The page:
Falling pound could mean higher PCP payments, says Glass’s

The falling value of the pound is likely to see monthly PCP new car payments rise in 2017, predicts Glass’s. The vehicle data specialist says that manufacturers importing their vehicles into the UK will need to recoup margins somewhere and that PCP payments are the least unpalatable choice.

Rupert Pontin, director of valuations, explained: “The pound fell in value by about 20 per cent against the euro following the Brexit referendum and has not really recovered to any great extent, nor is there any reason to think that it will do so in the medium term.

“This places considerable pressure on the profit margins being seen by many manufacturers who import cars from Europe into the UK. While they will probably be hedged for a certain period of time, the exchange rate shift will start to bite at some point soon.

“Somehow, they’ll need to recoup additional cash. There are several options open to them, such as increasing the list price of cars or charging dealers more for them, and we will perhaps see these taking effect to a greater or lesser extent in the next few months.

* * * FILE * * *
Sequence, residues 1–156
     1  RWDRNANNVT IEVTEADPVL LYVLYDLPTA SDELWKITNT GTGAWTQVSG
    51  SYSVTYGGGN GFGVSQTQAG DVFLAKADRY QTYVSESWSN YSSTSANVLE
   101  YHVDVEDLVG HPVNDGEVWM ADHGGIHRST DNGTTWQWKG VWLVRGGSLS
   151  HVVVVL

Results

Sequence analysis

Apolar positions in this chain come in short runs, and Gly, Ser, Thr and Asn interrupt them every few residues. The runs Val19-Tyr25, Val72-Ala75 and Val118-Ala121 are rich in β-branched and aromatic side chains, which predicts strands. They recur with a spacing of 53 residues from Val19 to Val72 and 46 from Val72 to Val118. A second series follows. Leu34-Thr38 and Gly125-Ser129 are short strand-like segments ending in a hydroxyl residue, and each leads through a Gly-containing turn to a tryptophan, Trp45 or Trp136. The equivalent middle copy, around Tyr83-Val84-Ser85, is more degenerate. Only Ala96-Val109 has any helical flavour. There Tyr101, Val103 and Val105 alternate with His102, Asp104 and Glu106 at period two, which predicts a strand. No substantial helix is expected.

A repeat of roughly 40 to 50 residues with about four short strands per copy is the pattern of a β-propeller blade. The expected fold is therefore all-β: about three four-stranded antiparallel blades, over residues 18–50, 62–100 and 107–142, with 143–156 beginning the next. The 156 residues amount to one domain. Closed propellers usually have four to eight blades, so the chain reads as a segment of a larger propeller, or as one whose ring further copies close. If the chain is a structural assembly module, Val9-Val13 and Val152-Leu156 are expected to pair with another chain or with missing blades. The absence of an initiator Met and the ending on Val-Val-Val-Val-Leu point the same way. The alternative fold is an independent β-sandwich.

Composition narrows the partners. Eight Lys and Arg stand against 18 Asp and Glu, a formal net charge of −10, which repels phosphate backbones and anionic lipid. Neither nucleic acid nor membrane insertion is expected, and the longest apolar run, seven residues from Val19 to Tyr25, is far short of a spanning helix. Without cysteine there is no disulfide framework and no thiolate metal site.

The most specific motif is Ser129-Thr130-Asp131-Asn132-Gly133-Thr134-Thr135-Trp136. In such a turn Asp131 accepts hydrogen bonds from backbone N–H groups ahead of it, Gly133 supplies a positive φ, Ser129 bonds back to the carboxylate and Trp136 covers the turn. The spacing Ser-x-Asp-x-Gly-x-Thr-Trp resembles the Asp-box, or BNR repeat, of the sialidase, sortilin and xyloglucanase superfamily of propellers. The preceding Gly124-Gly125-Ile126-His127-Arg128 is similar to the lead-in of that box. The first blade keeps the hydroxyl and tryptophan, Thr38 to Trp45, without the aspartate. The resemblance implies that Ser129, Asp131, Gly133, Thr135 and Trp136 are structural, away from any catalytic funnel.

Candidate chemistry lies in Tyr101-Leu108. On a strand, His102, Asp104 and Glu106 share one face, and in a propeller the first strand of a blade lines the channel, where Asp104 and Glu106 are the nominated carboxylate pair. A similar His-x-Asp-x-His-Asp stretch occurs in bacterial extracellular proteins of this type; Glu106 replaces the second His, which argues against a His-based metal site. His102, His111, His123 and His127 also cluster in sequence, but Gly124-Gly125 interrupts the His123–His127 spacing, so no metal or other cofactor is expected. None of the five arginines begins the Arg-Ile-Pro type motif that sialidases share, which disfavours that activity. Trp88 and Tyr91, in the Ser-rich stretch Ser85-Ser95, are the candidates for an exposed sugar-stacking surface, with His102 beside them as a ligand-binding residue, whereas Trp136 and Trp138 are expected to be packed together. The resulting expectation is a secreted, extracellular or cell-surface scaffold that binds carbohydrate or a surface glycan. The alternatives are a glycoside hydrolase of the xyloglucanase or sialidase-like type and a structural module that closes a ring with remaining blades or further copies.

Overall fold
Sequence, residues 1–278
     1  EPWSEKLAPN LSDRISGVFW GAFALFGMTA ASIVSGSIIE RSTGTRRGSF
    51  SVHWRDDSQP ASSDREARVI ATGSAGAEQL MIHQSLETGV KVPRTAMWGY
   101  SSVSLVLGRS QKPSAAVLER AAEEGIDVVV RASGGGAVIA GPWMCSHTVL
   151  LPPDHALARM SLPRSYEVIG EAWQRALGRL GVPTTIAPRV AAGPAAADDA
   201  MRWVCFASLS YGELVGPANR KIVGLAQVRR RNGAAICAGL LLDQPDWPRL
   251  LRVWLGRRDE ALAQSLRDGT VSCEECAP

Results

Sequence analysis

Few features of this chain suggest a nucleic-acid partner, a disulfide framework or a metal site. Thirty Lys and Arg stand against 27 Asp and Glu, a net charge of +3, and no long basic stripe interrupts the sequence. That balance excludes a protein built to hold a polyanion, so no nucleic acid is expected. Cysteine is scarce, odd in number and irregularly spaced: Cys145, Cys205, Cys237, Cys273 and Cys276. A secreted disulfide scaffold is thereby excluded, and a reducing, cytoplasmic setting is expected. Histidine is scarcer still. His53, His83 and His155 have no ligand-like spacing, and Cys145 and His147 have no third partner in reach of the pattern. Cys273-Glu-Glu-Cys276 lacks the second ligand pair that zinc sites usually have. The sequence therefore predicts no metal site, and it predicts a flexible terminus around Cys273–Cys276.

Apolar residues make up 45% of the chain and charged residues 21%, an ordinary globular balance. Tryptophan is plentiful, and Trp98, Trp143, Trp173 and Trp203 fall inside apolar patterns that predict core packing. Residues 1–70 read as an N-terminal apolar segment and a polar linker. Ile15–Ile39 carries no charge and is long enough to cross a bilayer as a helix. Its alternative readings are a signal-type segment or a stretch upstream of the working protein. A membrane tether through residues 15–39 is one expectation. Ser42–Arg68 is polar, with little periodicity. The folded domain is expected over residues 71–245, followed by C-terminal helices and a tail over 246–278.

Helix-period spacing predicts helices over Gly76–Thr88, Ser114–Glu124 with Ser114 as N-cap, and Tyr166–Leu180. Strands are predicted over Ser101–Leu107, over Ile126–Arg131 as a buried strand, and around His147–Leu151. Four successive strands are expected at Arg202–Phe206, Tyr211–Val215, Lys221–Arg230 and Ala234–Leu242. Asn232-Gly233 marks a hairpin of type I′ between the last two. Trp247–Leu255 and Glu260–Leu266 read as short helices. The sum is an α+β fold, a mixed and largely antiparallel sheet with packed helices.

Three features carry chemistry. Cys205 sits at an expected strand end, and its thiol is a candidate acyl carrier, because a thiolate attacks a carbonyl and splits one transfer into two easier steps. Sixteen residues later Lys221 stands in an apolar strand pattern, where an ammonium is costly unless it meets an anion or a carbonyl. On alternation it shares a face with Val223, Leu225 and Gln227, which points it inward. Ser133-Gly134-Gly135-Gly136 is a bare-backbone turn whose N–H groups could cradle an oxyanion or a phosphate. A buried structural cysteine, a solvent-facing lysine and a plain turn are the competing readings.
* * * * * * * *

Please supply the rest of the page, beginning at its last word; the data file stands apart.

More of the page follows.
“However, probably the most likely outcome is that the heavily subsidised PCP payments that we have seen power the new car sector in recent years will start to increase. This will impact on deposits, monthly payments, interest rates and even the lengths of the PCPs themselves.”

Pontin expects these increases to only have a small negative effect on the new market in 2017 and Glass’s maintain a reasonably optimistic outlook.

“Our forecast for 2017 overall is that the new car market will drop by around 3.5 per cent to a level of around 2.6 million cars given a 2016 market of just under 2.7 million which is  Glass’s believe will be 2.3 per cent up on 2015. That means 2017 will still be higher than any year other than 2015 in the last decade. Overall, we are positive.

“However, added to this must be the caveat that this year has been one of several unexpected economic shocks and the way they play out in the future – and whether any more occur – is hard to predict.”

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